The term “ICSOL” includes lesions which expand in volume to displace normal neural structures and lead to increased intracranial tension. These lesions give rise to the following three groups of symptoms in general.
1. Neurological phenomena caused by irritation or destruction of brain tissue, eg focal seizures (Jacksonian epilepsy) and paralysis.
2. Characteristics of elevated intracranial tension (TIC): The rate of increase in blood pressure and its level depend on the nature of the lesion and its location. For example, rapidly growing tumors and secondary multiples give rise to a rapid increase in TICs while slow growing tumors and cysts can be lodged in the skull for considerable periods without symptoms. Moreover, in general, lesions of the posterior fossa lead to a rise in blood pressure more rapidly than supratentorial lesions.
3. False signs of localization:
(a) These are neurological phenomena resulting from the side effects of lesions. As a result of a herniation of neural tissue under the cerebral falx or a descending hernia through the tentorium cerebrlli and foramen magnum, pressure effects on other parts of the brain develop.
(b) Counter-Cup Effect: This is a pressure effect caused on the side opposite to the lesion side when a lesion occupying a space expands. Midline structures such as the brainstem can be pushed to the opposite free margin of tentorum cerebelli to give rise to compression on the normal side as well. In addition to these characteristic genera, different lesions can produce symptoms specific to their nature. For example, a brain abscess can be associated with fever and other signs of infection. Subarachnoid hemorrhage may be associated with meningeal signs or irritation.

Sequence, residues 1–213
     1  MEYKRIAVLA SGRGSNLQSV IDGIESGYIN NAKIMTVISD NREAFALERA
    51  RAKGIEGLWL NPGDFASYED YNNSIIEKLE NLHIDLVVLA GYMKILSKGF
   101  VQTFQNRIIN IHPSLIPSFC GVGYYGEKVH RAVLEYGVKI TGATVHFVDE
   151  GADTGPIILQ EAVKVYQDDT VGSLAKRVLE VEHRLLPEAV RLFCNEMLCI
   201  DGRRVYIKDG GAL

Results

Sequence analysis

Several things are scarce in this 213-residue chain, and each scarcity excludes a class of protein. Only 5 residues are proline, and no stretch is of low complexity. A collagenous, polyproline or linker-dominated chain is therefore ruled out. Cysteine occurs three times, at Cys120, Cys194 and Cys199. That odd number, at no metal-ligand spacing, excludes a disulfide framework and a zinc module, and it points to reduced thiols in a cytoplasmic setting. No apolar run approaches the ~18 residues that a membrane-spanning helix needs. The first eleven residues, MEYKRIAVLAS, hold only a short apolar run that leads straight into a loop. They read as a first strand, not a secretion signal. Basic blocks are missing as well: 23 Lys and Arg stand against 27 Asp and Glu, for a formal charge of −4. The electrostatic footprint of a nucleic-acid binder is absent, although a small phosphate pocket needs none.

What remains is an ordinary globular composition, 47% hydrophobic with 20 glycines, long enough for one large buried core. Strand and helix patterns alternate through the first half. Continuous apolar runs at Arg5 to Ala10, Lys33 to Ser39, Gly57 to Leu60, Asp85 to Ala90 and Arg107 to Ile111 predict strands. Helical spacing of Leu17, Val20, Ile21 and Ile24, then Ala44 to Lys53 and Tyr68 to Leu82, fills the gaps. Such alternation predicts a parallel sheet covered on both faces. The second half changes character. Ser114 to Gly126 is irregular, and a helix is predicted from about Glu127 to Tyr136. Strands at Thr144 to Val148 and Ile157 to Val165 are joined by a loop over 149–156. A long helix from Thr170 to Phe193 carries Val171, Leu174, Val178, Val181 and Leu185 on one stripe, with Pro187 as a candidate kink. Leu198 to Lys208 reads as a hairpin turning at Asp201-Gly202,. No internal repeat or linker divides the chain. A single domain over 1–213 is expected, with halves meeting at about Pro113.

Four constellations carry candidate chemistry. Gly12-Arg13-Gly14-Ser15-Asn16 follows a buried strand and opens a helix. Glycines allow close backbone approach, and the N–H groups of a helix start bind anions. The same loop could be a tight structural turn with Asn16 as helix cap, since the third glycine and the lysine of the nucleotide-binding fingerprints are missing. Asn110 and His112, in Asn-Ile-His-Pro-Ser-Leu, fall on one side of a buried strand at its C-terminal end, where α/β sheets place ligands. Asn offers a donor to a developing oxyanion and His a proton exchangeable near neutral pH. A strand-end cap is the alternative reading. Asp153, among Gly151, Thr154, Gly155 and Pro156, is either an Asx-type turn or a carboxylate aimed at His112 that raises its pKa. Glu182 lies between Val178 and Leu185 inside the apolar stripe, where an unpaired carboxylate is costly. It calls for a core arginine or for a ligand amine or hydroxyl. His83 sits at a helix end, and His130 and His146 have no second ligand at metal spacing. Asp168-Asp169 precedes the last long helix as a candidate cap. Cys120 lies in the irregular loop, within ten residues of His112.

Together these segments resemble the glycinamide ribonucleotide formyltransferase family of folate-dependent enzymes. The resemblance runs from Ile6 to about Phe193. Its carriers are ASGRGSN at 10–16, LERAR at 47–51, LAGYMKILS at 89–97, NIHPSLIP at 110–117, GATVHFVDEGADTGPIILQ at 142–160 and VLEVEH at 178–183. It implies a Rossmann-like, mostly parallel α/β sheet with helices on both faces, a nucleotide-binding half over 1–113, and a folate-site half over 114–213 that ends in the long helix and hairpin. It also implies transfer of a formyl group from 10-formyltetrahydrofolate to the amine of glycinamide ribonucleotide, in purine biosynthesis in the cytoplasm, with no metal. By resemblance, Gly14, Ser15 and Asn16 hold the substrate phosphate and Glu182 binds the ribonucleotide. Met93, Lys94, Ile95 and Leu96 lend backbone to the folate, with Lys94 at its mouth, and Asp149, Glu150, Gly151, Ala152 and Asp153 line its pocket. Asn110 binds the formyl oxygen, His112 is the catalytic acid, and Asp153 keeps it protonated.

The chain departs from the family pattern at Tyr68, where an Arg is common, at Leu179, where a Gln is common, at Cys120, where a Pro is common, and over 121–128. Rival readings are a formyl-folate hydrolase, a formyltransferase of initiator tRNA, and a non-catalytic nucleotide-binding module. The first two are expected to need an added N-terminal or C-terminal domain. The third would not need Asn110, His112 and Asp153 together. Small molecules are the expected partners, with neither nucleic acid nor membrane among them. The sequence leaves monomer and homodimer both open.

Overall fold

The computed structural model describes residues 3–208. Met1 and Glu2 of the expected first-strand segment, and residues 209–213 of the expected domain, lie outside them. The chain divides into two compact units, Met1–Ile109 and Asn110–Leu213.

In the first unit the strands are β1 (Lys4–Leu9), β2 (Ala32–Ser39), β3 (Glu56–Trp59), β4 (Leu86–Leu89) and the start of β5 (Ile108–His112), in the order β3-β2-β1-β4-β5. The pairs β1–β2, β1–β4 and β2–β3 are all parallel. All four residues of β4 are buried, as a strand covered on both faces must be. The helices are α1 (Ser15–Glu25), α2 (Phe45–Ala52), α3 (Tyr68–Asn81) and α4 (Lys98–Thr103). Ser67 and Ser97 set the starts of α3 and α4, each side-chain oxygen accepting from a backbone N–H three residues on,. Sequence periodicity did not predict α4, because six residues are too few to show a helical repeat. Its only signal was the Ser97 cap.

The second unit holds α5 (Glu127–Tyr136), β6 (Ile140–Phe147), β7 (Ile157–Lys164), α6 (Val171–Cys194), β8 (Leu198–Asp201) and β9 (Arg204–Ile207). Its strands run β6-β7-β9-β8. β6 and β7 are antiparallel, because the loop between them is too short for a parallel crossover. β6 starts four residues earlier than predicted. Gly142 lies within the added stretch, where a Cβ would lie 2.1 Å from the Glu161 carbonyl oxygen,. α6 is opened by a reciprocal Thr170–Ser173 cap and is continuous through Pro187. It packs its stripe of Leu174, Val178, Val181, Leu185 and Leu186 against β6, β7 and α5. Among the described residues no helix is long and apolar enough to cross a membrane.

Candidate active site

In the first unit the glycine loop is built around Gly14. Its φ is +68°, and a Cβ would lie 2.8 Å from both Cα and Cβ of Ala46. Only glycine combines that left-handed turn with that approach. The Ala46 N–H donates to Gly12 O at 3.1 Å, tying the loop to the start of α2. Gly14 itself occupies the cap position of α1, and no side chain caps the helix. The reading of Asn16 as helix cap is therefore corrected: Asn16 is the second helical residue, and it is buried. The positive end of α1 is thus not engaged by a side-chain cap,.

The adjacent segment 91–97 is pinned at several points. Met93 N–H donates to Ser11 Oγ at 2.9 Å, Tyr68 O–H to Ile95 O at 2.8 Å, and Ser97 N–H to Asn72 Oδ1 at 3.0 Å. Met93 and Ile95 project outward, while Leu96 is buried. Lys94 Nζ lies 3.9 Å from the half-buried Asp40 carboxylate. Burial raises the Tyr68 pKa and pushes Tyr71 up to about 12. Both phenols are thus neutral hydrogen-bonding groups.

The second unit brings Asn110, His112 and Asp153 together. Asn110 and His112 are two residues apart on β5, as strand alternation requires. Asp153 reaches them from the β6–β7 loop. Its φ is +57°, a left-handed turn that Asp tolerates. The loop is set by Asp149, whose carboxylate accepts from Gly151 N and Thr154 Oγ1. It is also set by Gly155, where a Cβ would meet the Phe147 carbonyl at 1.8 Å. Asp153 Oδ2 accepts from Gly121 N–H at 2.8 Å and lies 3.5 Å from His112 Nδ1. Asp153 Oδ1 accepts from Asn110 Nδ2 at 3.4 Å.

Clinical features: About 50-60% of neurological disorders in India are lesions occupying space. Persistent headaches that are not due to any other detectable cause and that do not respond to a single medication should suggest a possibility of ICSOL. The headache can be felt in the midline above the head or sometimes it can be referred to the site of the injury, for example the meningioma. It can be continuous and gradual, paroxysmal (as in migraine) or worsened by coughing, bending forward or changing postures.
Vomiting and visual loss: In many cases, prolonged vomiting is a common symptom. Projectile vomit can be moistened in gastrointestinal or psychiatric disorders. Vision failure due to papilliedema is a late occurrence in most cases. The recent onset of behavioral changes and the sudden onset of neurological deficits are also clinical features.
Late onset of seizures: Any type of seizure occurring for the first time after the age of 15 should suggest the possibility of ICSOL.